Summer McIntosh Chasing World Records? The Plausible and the Nearly Impossible

Summer McIntosh -- Photo Courtesy: Peter H. Bick

Summer McIntosh Chasing World Records? The Plausible and the Nearly Impossible

During a historic 2022, Summer McIntosh vaulted herself from teenage mid-distance freestyler on the verge of winning international medals to a multi-time world champion. McIntosh became the consensus third-best 400 freestyler in the world behind Ariarne Titmus and Katie Ledecky, but in a less-predictable twist, she began exceling in the individual medley and butterfly events, a process that began the first weekend of March when she broke 4:30 in the 400 IM for the first time.

Twelve months later, it now seems very reasonable that McIntosh could one day end up her name next to the 400 IM world record, a mark currently held by Katinka Hosszu at an absurd 4:26.36. At the 2016 Olympics, Hosszu broke the previous world record by more than two seconds, and no one has come within two seconds since. But after McIntosh secured the world title in the 400 IM, she got down to the 4:29.01 in winning gold at the Commonwealth Games before becoming the third woman in history to break 4:29 at the U.S. Open in early December.

As for her other primary events, the world records that the 16-year-old McIntosh will chase over the next few years are similarly daunting. In the 400 free, the top time belongs to Titmus at 3:56.40 after the Aussie tracked down Ledecky’s previous mark at Australia’s selection meet last May. Only three women in history have ever broken 4:00 without the aid of a now-banned polyurethane suit, with Ledecky lowering the world record from 3:59.15 to 3:56.46 in the span of two years before Titmus finally caught up to that pace last year after steadily dropping time each season.

Last year saw McIntosh steer toward that range, topping out at 3:59.32 in August, still almost three seconds off the world record but more than three seconds quicker than the time she swam on the way to a fourth-place finish in the previous year’s Olympic final, which had been (to that point) a Canadian national record by a substantial amount. So, is a 3:56 possible for McIntosh one day?

As for the 200 fly, the world record belongs to Liu Zige at 2:01.81, a record was set in October 2009, months before the polyurethane suits were banned. Liu’s record crushed the previous mark set only months earlier at the World Championships by Australia’s Jessicah Schipper (in a race where Liu took silver) by 1.6 seconds. And in more than 13 years since, no one has come within two seconds of this record, with another Chinese swimmer, Zhang Yufei, coming the closest with a 2:03.86 gold-medal-winning swim at the 2021 Olympics.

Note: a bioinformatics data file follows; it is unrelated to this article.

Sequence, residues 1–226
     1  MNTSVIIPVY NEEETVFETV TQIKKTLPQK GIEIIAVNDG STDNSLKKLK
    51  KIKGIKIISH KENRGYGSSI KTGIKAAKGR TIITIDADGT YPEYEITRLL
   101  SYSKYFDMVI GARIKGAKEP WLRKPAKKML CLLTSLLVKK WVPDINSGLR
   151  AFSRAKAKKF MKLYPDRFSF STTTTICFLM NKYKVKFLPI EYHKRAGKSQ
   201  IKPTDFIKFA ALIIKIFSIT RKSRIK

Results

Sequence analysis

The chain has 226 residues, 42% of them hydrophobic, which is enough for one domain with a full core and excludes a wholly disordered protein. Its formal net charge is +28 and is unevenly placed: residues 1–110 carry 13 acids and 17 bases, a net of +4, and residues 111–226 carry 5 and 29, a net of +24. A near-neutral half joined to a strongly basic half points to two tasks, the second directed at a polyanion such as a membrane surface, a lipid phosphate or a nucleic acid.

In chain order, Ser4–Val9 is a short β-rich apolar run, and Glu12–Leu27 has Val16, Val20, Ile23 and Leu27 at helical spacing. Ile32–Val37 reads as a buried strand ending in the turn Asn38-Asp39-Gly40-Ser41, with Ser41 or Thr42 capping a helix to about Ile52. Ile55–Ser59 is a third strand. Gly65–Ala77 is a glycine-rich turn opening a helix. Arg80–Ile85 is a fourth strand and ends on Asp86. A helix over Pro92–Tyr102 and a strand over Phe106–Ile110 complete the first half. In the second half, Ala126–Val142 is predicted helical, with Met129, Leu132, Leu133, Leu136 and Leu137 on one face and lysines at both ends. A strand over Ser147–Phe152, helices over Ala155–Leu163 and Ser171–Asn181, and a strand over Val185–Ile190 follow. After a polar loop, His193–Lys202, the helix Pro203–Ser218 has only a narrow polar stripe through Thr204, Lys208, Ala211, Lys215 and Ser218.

Not many world records from the high-tech suit era remain. Some, like the 200 free world records belonging to Federica Pellegrini and Paul Biedermann or Michael Phelps’ final world record in the 400 IM, have only come into play recently, while others, like Aaron Peirsol’s 1:51.92 in the 200 backstroke or Zhang Lin’s 7:32.12 in the 800 free, could last for multiple generations to come. Without a doubt, Liu’s 200 fly record fits into the latter category.

That said, if there is any swimmer currently active on the elite stage who could break that record, it’s McIntosh. She got down to 2:05.20 in her world-title-winning swim last summer, making her the 12th-fastest performer in history. But while a three-second drop in a 400-meter race seems doable, it seems unlikely in half the distance.

It’s not a crazy idea that McIntosh could one day break an individual world record, even if she can maintain close to her current progression of improvement for a few years — and the most likely event possibility for the Canadian star making such history is certainly the 400 IM. As for her other two events, which is more likely? Becoming the first woman to swim a 3:55 in the 400 free or breaking Liu’s 200 fly world record? It’s the 400 free, no doubt, if only because it would require a much lower percentage improvement.

As much history as Ledecky and Titmus have created in the 400 free, neither has ever walloped more than one-and-a-half seconds off a three-month-old 200-meter world record in one swim, leaving the record completely out of reach for more than a decade’s worth of champions. Even for McIntosh, that would be a really tough hurdle to overcome.

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5 months ago

Well, didn’t take her long to grab two of the world records you mentioned.